In the world of retail, generative artificial intelligence (AI) has taken up the conversation.
Although the idea is not new, its importance has escalated, especially since November 2022, when OpenAI unveiled ChatGPT, expanding accessibility to this technology for consumers and businesses.
In fact, following NRF 2024, the National Retail Federation’s annual trade show, it’s been reported that 81% of retail decision makers now feel the urgency to adopt AI in their business.
Bearing this in mind, here are some ways retailers have already begun integrating or are planning to integrate generative AI into their 2024 playbook:
Last week, Amazon unveiled a tool employing AI to address shoppers’ queries about products.
In the Amazon mobile app, users are encouraged to ask questions regarding a particular item, and the tool swiftly provides answers by summarizing information gathered from product reviews and the listing.
“Amazon has been using machine learning and AI for many years in virtually everything we do,” said an Amazon spokesperson in an emailed statement to PYMNTS.
“We’re constantly inventing to help make customers’ lives better and easier and are currently testing a new feature powered by generative AI to improve shopping on Amazon by helping customers get answers to commonly asked product questions.”
Unlike OpenAI’s ChatGPT, Amazon’s latest feature doesn’t engage in conversation but can respond to prompts, describe items, stay on topic, and displays an error message if unable to answer a question.
Amazon’s latest launch follows a series of AI-related developments. In October, Amazon Ads introduced a user-friendly generative AI solution for image creation, aiming to enhance ad campaigns without requiring technical expertise. Advertisers can generate lifestyle and brand-themed images by selecting their product on the Amazon Ad Console. The technology allows refinement through short text prompts and enables the creation and testing of multiple versions for optimization.
In June, the company began trials for AI-generated summaries of product reviews and introduced AI features for third-party sellers to improve their listings. Additionally, Amazon introduced Q, an AI chatbot for business tasks, and Bedrock, a generative AI service for Amazon Web Services customers.
In February, Carrefour revealed that it had used ChatGPT to create videos.
The multinational grocery giant, with nearly 14,000 stores across over 30 countries, leveraged the chatbot and a computer-generated human avatar to reduce the labor cost associated with producing customer-facing videos.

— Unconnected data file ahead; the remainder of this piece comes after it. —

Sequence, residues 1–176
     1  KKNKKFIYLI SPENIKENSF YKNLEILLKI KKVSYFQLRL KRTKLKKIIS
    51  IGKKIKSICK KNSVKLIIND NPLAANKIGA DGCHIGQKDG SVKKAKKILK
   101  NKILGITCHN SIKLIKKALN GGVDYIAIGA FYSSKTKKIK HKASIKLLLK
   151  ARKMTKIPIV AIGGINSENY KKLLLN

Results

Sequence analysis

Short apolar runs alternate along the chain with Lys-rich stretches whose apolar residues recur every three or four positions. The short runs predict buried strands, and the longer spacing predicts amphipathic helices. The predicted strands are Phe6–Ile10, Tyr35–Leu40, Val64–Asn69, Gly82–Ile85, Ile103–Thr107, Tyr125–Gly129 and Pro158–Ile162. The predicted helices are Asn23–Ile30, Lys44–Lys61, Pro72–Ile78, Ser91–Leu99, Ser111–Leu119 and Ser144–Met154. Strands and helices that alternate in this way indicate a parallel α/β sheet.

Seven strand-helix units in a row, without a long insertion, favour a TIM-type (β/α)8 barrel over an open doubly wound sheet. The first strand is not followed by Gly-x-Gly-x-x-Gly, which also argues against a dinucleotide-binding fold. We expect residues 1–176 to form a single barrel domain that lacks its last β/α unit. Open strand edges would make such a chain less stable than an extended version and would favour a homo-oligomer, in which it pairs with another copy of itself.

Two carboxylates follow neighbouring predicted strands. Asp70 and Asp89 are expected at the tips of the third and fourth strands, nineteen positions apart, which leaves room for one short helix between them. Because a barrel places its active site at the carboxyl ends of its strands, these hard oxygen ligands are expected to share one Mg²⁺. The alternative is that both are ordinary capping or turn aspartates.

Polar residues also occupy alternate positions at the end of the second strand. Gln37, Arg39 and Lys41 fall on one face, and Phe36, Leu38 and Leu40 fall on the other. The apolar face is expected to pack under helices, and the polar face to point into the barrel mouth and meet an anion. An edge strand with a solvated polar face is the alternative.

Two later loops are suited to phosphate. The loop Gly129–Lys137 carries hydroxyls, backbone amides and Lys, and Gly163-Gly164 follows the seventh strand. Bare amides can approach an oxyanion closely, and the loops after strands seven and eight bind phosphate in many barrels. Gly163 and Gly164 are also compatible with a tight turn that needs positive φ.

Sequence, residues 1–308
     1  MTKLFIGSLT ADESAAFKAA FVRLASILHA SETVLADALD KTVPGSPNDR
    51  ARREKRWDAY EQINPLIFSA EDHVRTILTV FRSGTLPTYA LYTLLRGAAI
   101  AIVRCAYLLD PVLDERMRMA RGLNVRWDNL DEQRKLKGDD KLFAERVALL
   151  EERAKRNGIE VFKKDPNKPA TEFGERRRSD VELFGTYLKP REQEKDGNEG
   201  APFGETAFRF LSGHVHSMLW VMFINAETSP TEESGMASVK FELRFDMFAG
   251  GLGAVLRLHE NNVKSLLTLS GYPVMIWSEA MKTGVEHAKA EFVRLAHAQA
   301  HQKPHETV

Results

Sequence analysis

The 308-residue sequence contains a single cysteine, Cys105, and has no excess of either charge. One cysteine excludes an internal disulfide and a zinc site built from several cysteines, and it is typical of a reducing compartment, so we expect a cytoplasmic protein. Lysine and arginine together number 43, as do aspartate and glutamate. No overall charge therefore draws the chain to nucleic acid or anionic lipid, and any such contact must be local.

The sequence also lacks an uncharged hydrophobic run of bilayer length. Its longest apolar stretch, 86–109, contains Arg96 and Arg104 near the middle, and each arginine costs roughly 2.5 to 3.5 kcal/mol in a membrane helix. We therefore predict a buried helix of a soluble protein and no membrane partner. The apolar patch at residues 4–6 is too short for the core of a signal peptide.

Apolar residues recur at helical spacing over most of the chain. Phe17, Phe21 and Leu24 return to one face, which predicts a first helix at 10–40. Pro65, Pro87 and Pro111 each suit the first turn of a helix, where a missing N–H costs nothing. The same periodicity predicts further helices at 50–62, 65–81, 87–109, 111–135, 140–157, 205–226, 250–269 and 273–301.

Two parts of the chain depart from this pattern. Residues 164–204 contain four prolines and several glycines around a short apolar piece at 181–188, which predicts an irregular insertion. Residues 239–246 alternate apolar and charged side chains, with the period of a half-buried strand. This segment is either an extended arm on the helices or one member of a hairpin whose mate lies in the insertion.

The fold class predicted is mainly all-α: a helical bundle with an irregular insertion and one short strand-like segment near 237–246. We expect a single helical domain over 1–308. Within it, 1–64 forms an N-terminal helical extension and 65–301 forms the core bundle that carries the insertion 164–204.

In a LinkedIn post, Elodie Perthuisot, the retailer’s chief eCommerce, digital transformation, and data officer, shared the first video the company had made with a ChatGPT-generated script and an ultra-realistic, AI-generated human-like avatar. The video modeled a FAQ-style explainer; in this instance, the avatar offered advice on how to purchase healthier and more affordable foods through the grocer’s platform.
At NRF 2024, Jessyn Katchera, executive director and head of eCommerce for France at Carrefour, affirmed that the company had been employing generative AI to accelerate its content creation process. Rather than waiting several weeks to turnaround campaigns, Carrefour could now achieve this in a matter of days.
In October, Walmart revealed it experimented with generative AI to enhance online shopping. By training the AI to generate relevant search results based on specific use cases, Walmart streamlined the process for customers. For example, customers planning a unicorn-themed toddler birthday party could simply search for the theme and find all the necessary products in one go.
Furthermore, Walmart used AI to aid customers with intricate purchases by offering personalized recommendations based on individual needs and preferences, all to simplify the decision-making process. For example, customers in search of a cellphone compatible with their existing wireless provider could depend on AI-powered guidance.
In 2024, Victoria’s Secret aims to enable its customers to rely on AI for product recommendations.
The clothing retailer has collaborated with Google Cloud in a partnership that includes the implementation of AI, including a new AI assistant, to establish a more “personalized and inclusive” online shopping experience.
“The goal of the conversational chatbot is to provide shoppers with tailored product recommendations and helpful advice based on personal preferences and life experiences — whether a customer is a sports enthusiast, a nursing mother, a breast cancer survivor recovering from a mastectomy, or simply ready for a new bra,” the company said in a statement.
The company additionally highlights that Adore Me, the direct-to-consumer lingerie brand acquired by Victoria’s Secret in 2022, has employed Google Cloud’s Vertex AI platform and Duet AI for Google Workspace in its generative AI initiatives.
“The integration of Google Cloud’s AI and generative AI technologies will not only improve the online shopping experience for our customers, but also will empower our internal teams to drive innovation across various business functions,” said Chris Rupp, chief customer officer for Victoria’s Secret.